• Your new employee gets an employee handbook on the first day, outlining every possible situation from attire to ethics. They sign an acknowledgment that they got the handbook, and agree to everything in it. I don't care if you have one employee or one hundred... they all get the handbook. I don't care if it is a burger flipper or a Vice President of Sales, they all sign the receipt and acknowledgment. Then, a copy of that goes into their employee file. You can find a lot of employee handbooks online, including creating a customized one during a free one week trial on Legal Zoom.
  • Your new employee gets a specific, detailed job description. The job description covers everything from daily and weekly expectations to broad, generic sweeping generalizations that you can use later for what ever additional direction you may add that is not specifically outlined in the job description.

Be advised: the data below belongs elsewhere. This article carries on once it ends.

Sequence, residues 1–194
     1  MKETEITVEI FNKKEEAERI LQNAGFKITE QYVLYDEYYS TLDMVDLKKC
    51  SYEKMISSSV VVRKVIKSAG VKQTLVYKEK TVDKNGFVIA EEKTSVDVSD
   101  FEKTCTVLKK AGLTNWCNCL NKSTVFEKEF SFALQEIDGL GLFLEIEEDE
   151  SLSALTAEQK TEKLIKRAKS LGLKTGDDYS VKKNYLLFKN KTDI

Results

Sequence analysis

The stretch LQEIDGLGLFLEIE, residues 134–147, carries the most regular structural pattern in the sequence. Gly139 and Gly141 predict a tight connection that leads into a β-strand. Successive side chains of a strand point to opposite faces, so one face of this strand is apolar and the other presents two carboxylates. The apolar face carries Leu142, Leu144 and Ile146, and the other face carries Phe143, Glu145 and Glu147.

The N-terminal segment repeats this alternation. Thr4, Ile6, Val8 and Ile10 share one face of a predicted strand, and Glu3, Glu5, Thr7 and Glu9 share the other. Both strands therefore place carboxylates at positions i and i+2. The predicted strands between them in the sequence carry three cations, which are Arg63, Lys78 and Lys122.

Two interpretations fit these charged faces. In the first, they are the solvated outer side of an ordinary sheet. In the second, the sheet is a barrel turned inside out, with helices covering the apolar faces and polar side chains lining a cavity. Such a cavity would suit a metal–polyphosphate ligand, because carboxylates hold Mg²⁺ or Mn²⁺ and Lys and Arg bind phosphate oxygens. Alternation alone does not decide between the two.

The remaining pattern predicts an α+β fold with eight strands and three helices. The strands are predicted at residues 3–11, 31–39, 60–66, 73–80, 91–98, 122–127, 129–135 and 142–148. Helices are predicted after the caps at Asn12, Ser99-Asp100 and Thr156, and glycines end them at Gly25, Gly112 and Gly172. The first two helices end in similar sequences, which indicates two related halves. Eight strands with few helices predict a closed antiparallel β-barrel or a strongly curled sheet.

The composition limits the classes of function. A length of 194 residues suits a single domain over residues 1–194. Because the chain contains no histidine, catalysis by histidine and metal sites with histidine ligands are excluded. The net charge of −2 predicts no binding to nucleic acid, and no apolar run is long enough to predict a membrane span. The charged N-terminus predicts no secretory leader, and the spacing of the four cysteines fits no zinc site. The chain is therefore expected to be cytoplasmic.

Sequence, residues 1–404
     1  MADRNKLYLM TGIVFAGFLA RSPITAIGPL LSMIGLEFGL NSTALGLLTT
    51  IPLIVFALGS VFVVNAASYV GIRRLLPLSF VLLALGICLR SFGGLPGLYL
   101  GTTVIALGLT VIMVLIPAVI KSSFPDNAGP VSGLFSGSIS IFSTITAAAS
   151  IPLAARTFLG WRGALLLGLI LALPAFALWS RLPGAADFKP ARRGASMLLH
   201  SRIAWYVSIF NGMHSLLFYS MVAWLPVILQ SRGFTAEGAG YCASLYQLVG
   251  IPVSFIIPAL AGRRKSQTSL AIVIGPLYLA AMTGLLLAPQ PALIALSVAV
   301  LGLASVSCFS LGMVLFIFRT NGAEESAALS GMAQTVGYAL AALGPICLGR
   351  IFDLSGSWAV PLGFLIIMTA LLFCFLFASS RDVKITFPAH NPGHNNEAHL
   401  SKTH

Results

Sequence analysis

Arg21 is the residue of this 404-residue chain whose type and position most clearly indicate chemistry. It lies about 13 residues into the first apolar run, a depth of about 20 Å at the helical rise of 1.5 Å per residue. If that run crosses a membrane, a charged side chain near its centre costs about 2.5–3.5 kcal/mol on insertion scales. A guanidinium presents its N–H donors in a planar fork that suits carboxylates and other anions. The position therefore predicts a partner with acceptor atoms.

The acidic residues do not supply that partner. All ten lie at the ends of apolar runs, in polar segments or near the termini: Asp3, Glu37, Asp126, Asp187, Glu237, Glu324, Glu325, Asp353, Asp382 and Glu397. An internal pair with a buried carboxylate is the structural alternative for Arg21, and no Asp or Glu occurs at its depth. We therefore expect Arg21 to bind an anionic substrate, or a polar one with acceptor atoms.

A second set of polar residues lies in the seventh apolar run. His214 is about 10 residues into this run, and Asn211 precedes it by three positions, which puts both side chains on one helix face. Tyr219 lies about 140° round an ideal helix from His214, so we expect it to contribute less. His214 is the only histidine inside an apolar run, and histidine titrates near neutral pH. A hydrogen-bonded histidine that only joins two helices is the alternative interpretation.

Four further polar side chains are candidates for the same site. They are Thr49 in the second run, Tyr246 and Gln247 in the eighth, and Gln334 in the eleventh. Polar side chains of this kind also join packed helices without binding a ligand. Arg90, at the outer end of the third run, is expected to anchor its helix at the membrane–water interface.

• Every employee has a 90 day performance evaluation and trial period. After 90 days, let them know there will be a review at that point of how they are doing, and how they move forward past the 90 day preliminary evaluation window.
  • Every employee signs an "at-will" employment statement as part of their initial hire paperwork. If you are issuing a formal offer letter, there should also be an at will paragraph within your initial offer letter that talks about how both the employee and the employer are entering into at-will employment. If you don't know what that means, study it. All states recognize "at-will" employment relationships, but some states have restrictions on it. Study that before you hire anyone. Here's a brief overview : What States Are At-Will? List of At-Will Employment States